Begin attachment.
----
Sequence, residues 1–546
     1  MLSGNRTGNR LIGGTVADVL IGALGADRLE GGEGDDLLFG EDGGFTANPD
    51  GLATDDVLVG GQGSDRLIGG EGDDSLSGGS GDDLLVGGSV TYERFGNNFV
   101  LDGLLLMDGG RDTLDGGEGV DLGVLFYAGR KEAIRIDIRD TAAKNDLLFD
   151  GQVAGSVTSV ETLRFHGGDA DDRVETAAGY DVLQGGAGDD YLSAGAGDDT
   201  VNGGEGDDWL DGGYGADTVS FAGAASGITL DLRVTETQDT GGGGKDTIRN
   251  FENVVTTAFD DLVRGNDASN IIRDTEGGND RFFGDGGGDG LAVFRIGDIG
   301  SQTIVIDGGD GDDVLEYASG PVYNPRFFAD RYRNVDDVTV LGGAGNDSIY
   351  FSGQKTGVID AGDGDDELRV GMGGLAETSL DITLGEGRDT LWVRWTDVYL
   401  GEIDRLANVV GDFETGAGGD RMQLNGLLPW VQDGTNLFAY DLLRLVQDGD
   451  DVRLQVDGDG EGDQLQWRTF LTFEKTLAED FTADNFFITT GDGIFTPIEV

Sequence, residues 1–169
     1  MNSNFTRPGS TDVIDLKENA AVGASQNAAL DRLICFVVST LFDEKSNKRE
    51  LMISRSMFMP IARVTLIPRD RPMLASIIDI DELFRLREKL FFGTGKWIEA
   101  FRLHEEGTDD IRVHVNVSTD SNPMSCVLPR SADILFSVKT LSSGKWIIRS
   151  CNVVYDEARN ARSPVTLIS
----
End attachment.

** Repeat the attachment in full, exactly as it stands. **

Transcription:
Sequence, residues 1–546
     1  MLSGNRTGNR LIGGTVADVL IGALGADRLE GGEGDDLLFG EDGGFTANPD
    51  GLATDDVLVG GQGSDRLIGG EGDDSLSGGS GDDLLVGGSV TYERFGNNFV
   101  LDGLLLMDGG RDTLDGGEGV DLGVLFYAGR KEAIRIDIRD TAAKNDLLFD
   151  GQVAGSVTSV ETLRFHGGDA DDRVETAAGY DVLQGGAGDD YLSAGAGDDT
   201  VNGGEGDDWL DGGYGADTVS FAGAASGITL DLRVTETQDT GGGGKDTIRN
   251  FENVVTTAFD DLVRGNDASN IIRDTEGGND RFFGDGGGDG LAVFRIGDIG
   301  SQTIVIDGGD GDDVLEYASG PVYNPRFFAD RYRNVDDVTV LGGAGNDSIY
   351  FSGQKTGVID AGDGDDELRV GMGGLAETSL DITLGEGRDT LWVRWTDVYL
   401  GEIDRLANVV GDFETGAGGD RMQLNGLLPW VQDGTNLFAY DLLRLVQDGD
   451  DVRLQVDGDG EGDQLQWRTF LTFEKTLAED FTADNFFITT GDGIFTPIEV

Sequence, residues 1–169
     1  MNSNFTRPGS TDVIDLKENA AVGASQNAAL DRLICFVVST LFDEKSNKRE
    51  LMISRSMFMP IARVTLIPRD RPMLASIIDI DELFRLREKL FFGTGKWIEA
   101  FRLHEEGTDD IRVHVNVSTD SNPMSCVLPR SADILFSVKT LSSGKWIIRS
   151  CNVVYDEARN ARSPVTLIS